Those are popular beliefs, based on partial truth, which makes things more or so dangerous.

    Of course, “Ignorance is Strength,” and we love to believe that we are still the strongest power in the world, don’t we.

  11. Patrick
    25/11/2010 at 1:13 pm Permalink

    Wow, talk about over-analyzing a comment.

  12. Patrick
    25/11/2010 at 3:17 pm Permalink

    Well, no. I mean, Dorasaga is saying in a serious way what I was saying in a facetious way. The truth is that for the most part, American baseball fans DON’T care at all about Japanese baseball besides “who’s the next guy coming over, how good is he, and how cheaply can we sign him?”

    It’s a shame, but that’s the state of things. I wish more people could learn and enjoy a lot from the baseball culture here in Japan, but they usually choose not to…

  13. Patrick
    25/11/2010 at 4:05 pm Permalink

    Well, that’s basically true of course. On the other hand, there are MLB fans that are genuinely excited when their team gets a Japanese player, and the ‘how cheap’ question is not unique to NPB imports. I get burnt out on how money-driven MLB is.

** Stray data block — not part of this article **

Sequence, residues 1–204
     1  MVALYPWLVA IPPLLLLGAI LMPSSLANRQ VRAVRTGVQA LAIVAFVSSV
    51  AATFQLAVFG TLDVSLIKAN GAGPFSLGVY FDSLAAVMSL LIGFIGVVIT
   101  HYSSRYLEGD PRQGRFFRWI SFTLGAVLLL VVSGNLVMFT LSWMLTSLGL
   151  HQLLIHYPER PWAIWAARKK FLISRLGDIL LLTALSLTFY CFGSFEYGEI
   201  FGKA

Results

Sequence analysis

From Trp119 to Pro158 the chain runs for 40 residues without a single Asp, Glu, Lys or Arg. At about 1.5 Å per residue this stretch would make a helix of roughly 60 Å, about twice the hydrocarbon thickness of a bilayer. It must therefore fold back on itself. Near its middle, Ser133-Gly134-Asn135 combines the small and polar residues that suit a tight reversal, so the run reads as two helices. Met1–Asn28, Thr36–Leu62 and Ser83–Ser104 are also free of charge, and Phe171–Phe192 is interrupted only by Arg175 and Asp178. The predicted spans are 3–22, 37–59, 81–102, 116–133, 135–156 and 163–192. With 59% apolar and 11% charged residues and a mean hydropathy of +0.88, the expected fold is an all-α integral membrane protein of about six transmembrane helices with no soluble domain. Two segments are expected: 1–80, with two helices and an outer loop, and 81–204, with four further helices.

It’s also a two-way street. There’s some generic coverage of MLB in Japan, but mostly what shows up in the news is how the Japanese players did.

    The thing that consistently ticks me off is when Americans act like NPB is an MLB minor league. NPB teams want to compete for fans and championships just like all professional sports teams. If I could make one thing understood, I think I would go with that.

  14. Patrick
    25/11/2010 at 5:12 pm Permalink

    I spent six months in Sendai studying a couple years ago. I became an Eagles fan. Many of my friends here refuse to believe that NPB is even real baseball. They see it as just another AAA league like the International League, etc. But, like Patrick mentioned no one in Sendai gave two hoots about anyone other than Ichiro, Hideki Matsui, etc in the MLB. There is an arrogance (or simply ignorance) on both sides for sure.

  15. Patrick
    25/11/2010 at 7:36 pm Permalink

    What to me, as a european, is most fascinating is how the clubs negotiate the transfer of a player. of course i’m used to how it’s done in all european pro sports leagues which is if a player is under contract a club will pay a certain sum of money and then negotiate a new contract with the player. if he is a free agent he can sign with whatever club he chooses to. european clubs pay transfer fees for top players at around 30 mio euros, the most expensive player being christiano ronaldo at, i believe, 94 mio. So what if they get rid of the posting fee process and make it public? each team with an interest in a player just says how much they are willing to pay and then they go from there? or would that lower the amount of money MLB clubs are willing to pay?